Whatever the strategy of any long descending glide, degree of success depends in great part on effective, efficient technique. Of course it’s imperative to always fly exactly the appropriate speed for each individual moment, but there’s more to it than that. Every little deviation from absolutely straight and level means a longer flight path, plus additional drag from corrective inputs. Meanwhile each fluctuation in ambient air will push you further off course unless you respond immediately. When a wing rises by itself and you level it, that causes adverse yaw and instantly puts you off course – unless you use rudder too while leveling that wing. The longer your glide goes on the more these little things add up, costing precious altitude upon arrival at your destination. Here’s an example from a prior era of the Crystal Squadron.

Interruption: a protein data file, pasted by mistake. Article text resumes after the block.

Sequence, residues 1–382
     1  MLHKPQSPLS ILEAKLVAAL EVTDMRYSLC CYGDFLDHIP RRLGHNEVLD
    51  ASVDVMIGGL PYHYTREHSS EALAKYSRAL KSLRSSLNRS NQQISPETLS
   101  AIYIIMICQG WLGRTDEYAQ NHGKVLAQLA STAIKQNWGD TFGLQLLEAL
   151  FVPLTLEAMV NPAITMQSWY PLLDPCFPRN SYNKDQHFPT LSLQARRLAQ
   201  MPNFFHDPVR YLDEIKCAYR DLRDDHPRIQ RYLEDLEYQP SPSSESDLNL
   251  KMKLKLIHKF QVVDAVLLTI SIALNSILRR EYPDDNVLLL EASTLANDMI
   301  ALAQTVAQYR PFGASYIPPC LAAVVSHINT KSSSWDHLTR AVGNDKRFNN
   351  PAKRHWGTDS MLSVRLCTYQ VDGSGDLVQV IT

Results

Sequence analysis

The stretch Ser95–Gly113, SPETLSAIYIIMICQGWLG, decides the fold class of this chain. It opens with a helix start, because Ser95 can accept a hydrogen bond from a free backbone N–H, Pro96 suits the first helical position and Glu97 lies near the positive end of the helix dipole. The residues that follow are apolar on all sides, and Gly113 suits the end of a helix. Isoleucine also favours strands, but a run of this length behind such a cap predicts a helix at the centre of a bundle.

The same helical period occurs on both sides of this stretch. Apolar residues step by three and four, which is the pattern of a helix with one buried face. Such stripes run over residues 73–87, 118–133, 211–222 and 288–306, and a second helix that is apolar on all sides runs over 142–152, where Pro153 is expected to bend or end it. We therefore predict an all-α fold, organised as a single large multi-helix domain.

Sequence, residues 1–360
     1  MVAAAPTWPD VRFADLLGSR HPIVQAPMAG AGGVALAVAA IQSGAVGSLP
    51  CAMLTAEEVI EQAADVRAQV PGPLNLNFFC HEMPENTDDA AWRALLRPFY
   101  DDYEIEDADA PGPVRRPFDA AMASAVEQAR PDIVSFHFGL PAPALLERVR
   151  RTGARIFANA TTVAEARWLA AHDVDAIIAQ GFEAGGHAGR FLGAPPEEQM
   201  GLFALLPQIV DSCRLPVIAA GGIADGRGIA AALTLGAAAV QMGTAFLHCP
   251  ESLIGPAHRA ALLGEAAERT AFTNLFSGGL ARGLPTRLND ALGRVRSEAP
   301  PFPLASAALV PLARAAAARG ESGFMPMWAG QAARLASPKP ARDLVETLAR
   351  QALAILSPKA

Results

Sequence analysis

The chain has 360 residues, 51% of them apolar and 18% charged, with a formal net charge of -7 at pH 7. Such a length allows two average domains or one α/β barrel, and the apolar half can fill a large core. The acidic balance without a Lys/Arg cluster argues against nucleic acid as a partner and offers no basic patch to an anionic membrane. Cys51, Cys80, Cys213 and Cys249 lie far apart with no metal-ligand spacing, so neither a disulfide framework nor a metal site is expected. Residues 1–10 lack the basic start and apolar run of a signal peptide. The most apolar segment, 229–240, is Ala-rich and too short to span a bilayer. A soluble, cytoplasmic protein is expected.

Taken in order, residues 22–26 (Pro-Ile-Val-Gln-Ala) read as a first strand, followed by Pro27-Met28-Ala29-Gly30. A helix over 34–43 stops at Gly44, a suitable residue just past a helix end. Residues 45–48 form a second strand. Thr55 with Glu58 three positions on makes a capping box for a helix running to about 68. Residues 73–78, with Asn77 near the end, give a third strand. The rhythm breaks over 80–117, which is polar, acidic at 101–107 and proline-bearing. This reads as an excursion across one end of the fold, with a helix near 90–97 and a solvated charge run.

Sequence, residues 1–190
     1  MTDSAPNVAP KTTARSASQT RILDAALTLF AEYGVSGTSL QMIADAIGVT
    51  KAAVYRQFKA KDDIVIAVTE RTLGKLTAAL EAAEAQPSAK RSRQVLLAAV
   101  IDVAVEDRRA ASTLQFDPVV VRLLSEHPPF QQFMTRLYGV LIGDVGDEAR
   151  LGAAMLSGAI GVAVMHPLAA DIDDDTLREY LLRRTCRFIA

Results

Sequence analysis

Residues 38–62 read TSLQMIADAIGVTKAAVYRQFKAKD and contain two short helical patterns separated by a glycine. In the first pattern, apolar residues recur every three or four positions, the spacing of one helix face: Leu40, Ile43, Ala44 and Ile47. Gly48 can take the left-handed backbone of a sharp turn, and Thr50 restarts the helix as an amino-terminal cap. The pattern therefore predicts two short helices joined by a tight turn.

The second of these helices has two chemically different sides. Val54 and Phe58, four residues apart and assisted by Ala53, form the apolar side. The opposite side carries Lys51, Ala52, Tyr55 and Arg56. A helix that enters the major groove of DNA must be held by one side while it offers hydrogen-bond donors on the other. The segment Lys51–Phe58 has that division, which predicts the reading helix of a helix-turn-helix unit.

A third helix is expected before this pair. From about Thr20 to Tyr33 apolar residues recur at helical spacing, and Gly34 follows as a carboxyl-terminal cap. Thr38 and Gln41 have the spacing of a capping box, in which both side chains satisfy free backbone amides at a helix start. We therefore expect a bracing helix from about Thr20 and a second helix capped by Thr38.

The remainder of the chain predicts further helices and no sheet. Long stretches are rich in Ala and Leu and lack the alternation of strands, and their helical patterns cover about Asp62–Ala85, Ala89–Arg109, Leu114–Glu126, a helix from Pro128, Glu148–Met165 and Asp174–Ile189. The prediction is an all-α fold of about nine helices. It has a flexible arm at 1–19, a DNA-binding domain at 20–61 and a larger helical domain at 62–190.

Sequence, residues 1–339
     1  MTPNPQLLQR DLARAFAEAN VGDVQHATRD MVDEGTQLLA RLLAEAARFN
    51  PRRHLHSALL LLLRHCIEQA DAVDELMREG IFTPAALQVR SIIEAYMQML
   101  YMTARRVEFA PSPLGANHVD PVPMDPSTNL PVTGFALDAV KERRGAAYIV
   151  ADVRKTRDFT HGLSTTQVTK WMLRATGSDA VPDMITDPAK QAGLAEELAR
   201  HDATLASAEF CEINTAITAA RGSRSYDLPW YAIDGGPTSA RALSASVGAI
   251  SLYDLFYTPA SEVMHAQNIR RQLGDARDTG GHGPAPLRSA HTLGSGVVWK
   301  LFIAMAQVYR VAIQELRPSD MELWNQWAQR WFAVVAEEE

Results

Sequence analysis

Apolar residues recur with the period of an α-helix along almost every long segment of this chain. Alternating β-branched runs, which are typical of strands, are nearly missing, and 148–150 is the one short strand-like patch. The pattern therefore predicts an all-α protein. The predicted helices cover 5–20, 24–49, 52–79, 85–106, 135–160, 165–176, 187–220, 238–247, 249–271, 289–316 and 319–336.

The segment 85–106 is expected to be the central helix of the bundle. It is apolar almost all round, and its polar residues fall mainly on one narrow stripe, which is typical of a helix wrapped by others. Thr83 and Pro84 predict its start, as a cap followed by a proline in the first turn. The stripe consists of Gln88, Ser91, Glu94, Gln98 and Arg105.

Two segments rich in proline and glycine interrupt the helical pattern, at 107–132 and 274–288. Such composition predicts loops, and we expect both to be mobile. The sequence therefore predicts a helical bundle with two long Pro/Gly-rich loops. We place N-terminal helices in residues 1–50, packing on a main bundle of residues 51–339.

Two soaring pals left wave at 17,000 feet, gliding in identical sailplanes from the Devils Punchbowl here at Crystal downwind toward the Sierras. When they arrived at Owens Peak 85 miles north, the one who flew a teeensy bit more carefully had lost three hundred feet less altitude than his buddy. This enabled him to fly straight on up the range without pause, while the other pilot had to stop and climb. It separated them by miles, and they never saw each other again that day.
The disparity in altitude lost compared to the great distance flown on that one glide was 0.067 percent, or less than seven ten-thousandths! A very small difference, but impossible to recover once that energy’s been wasted. To get the very most out of every glide, carefully manicure your bird’s attitude in all dimensions, each moment, with utmost thoughtfulness. There is no other way!